May 4, 2020
The Yale Forum on Religion and Ecology today announced a new partnership with the United Nations Environment Programme’s (UNEP) “Faith for Earth” initiative that will integrate new science and policy research with the perspectives of religion and ethics.
The announcement coincides with the launch of a comprehensive new website for the Yale forum, which offers ecology-related writings, bibliographies, projects, and sacred texts from the world’s religions.
Via their new partnership, the Yale Forum and UNEP will share information and create joint news releases, online courses, and podcasts while giving religious communities access to the latest scientific and environmental research.
The collaboration represents “a transformative moment” for the field of religion and ecology, highlighting the moral and practical contributions of the world’s religions to addressing the planet’s mounting environmental challenges, said Mary Evelyn Tucker and John Grim, co-directors of the Yale Forum and senior lecturers and research scholars at the Yale School of Forestry & Environmental Studies and Yale Divinity School (YDS).
“Even before COVID-19 we saw a renewed focus on humans’ relationship with, and dependence on, the environment, in churches, synagogues, temples, and mosques around the world,” said Tucker. “As the virus shows, clearly we can’t have healthy people on a sick planet. Environmental awareness is growing, as are calls for environmental justice for people and planet.”
More than two decades ago, Tucker and Grim launched the Forum on Religion and Ecology, an ambitious initiative that has helped create a new academic field that explores the relationship between the world’s religious and spiritual traditions and the environment. The Forum publishes books and articles, produces resources and annotated bibliographies for educators, and has created an Emmy Award-winning PBS film, Journey of the Universe.
Today, religion and ecology is taught in colleges, universities, seminaries, and secondary schools across the world. Similar forums have emerged in Canada, Europe, and Australia. Yale has two programs in this area not replicated elsewhere: a joint master’s program in religion and ecology at F&ES and YDS and a Master of Arts in Religion and Ecology from the Divinity School.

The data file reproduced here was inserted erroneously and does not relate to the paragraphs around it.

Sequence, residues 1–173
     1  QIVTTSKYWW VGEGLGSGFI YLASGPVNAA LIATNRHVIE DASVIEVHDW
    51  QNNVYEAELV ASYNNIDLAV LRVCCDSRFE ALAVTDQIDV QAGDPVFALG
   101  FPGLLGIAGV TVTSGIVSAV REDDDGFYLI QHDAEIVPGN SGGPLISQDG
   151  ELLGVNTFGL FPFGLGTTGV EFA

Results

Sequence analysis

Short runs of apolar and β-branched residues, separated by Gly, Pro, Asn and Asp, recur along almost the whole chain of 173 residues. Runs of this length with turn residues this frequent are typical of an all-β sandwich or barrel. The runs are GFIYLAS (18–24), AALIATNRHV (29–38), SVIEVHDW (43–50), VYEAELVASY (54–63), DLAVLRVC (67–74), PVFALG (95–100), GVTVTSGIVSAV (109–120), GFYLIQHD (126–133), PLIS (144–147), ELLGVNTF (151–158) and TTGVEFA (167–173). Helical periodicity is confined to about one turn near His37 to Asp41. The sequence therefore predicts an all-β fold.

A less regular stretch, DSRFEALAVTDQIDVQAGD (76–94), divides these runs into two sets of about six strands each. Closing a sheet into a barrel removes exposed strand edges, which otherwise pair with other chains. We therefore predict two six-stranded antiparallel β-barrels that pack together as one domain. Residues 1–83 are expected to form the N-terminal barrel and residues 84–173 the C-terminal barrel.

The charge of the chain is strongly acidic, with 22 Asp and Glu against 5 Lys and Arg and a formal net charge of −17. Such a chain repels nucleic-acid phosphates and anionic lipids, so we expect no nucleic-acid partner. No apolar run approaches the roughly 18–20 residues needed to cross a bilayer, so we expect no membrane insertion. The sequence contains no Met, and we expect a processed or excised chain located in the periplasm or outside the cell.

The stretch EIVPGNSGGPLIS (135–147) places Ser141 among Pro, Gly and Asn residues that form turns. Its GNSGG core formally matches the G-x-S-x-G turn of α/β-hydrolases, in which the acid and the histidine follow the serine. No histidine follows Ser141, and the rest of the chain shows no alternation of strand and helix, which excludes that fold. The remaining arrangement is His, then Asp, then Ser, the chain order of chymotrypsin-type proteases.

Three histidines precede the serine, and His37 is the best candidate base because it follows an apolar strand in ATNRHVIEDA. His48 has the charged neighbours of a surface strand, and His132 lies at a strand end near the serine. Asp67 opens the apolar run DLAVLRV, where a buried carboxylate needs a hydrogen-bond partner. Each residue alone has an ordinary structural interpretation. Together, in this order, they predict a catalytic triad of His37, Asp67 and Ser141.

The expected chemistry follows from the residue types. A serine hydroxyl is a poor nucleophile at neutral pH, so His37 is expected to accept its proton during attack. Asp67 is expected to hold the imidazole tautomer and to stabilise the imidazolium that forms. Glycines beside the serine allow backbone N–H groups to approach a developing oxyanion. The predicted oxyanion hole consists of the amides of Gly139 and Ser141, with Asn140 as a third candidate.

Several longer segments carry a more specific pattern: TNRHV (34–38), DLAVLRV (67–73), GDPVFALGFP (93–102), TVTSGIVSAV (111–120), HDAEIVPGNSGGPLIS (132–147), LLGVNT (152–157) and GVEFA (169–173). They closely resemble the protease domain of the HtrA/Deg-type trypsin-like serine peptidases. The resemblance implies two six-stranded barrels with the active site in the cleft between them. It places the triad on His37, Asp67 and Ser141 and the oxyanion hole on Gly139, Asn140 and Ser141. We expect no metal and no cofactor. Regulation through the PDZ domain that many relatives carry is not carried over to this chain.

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The Yale-UNEP partners hopes to inspire people to preserve, protect, and restore ecosystems and biodiversity, engage in dialogue, and promote action for change within religious communities in partnership with scientists and policymakers.
“Healthy, functioning ecosystems, and environmental law, are central to a post-COVID world, and religious institutions can help push for progress on strengthening policy frameworks to bring about necessary change,” said Iyad Abumoghli, UNEP Senior Principal Advisor.
Read UNEP’s partnership announcement: “Faith-based organizations can help the transition to a more sustainable post-COVID-19 world”
Grim agreed. “This partnership is a watershed moment as scientists and environmentalists recognize they need the moral force of religious communities to ensure long-term changes for the flourishing of human-Earth relations,” he said. Grim added that others have been critical to the process, particularly the Alliance of Religion and Conservation in the UK.
The Forum’s leaders say the relaunched website will amplify that message and provide environmental activists with better understanding and resources to help them work with religious people and institutions. The new site “reflects years of work by the Forum with many people around the planet in helping to create a new academic field and an engaged moral force of religion and ecology,” said Bill McKibben, noted author, environmentalist, and the Schumann Distinguished Scholar in Environmental Studies at Middlebury College. “It will be the ‘go to’ website for years to come.”